Remus frowned.  “It’s the capital of France, if my state school education informed me properly.  We went there on tour a few times.”

“Do you remember when we went there while touring for the third album?  When we were staying in that hotel with the hot tub on the roof?  And James brought like thirty people over from a club?”

A faint memory flickered in the back of Remus’s mind.  Crowded rooms and blaring music… Sirius off in the corner with some girl… and… and… “I think I blacked out,” he said.  “Why?  Did something happen?”

Sirius bit his lip.  “Yeah, something happened.”

“Wha… what happened?”  Millions of terrible possibilities ran through Remus’s head all at once.

Sirius was staring past him then, eyes glazed over.  “You came into my room, after the party ended and everyone left, and you were fucking out of it…”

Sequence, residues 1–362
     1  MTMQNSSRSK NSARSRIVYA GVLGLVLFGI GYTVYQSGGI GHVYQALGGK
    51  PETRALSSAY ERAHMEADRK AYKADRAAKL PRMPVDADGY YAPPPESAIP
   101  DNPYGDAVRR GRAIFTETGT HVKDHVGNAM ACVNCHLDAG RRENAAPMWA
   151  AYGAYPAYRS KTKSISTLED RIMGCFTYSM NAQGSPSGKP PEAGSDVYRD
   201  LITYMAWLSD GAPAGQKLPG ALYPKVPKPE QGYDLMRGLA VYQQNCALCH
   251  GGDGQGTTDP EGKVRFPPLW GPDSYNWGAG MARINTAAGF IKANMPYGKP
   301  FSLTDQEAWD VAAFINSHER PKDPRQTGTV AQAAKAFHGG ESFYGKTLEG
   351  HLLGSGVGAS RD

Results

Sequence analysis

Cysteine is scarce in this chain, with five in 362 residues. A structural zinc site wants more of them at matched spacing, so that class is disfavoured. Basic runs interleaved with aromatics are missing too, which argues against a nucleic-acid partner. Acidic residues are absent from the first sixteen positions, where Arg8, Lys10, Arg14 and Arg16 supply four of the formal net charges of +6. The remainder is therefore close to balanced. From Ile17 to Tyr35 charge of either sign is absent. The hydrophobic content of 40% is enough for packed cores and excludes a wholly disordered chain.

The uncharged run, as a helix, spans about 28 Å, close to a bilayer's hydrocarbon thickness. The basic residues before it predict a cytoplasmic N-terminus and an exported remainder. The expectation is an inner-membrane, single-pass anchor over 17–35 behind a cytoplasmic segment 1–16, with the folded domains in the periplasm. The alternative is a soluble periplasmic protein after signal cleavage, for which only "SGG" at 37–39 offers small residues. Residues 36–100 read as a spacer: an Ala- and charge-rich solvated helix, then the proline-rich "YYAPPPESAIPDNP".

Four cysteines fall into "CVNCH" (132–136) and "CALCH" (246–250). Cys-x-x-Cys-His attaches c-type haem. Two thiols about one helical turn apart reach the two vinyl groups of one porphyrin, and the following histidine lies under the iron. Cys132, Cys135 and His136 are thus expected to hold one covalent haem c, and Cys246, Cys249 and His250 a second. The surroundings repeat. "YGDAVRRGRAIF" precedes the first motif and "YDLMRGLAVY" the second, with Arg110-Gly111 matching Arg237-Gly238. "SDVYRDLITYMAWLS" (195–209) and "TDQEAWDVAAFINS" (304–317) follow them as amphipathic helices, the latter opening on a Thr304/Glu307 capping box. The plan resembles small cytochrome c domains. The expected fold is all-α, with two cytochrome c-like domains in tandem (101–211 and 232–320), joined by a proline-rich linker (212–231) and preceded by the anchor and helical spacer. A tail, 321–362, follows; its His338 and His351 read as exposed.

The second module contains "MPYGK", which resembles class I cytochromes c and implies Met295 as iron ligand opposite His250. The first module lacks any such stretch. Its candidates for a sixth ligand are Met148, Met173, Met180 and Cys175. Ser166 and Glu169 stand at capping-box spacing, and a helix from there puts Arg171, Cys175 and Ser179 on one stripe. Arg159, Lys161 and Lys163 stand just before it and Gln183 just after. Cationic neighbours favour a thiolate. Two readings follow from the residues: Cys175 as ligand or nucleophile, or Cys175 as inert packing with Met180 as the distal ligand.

Remus’s eyes widened.  “What did I do?”  His heart was pounding a tattoo in his chest.

“You asked me why I was alone.  You said that, uh, that it didn’t make sense I was alone, pretty people shouldn’t have to sleep by themselves.”

“Oh my god,” Remus ducked his head into the blanket.  “Please tell me I didn’t…”

“You crawled into the bed and… uh… made an offer.  And I turned you down!  I promise, I didn’t do anything.  I got you some water and put you back into you room, but while I was doing that, you whispered something…”

Remus wanted to die.  “What did I say?”

“You…” he looked at the fire, seemingly losing some type of nerve.  “You said that you’d wait for me.”

The words, which had echoed through his head for so many years, felt weightier on Sirius’s lips than he’d ever imagined.  “God,” he whispered, face tucked into his knees.

“Was it true?”  Sirius asked.  “Is it… is it still true?”

Fuck it.  Fuck it all.  Fuck everything.  “Yeah, Sirius.  It’s true,” he muttered.

He heard movement, and looked up.  Sirius had moved so he was sitting directly in front of him, face a hairsbreadth from his own.  “I don’t want to wait anymore,” he whispered.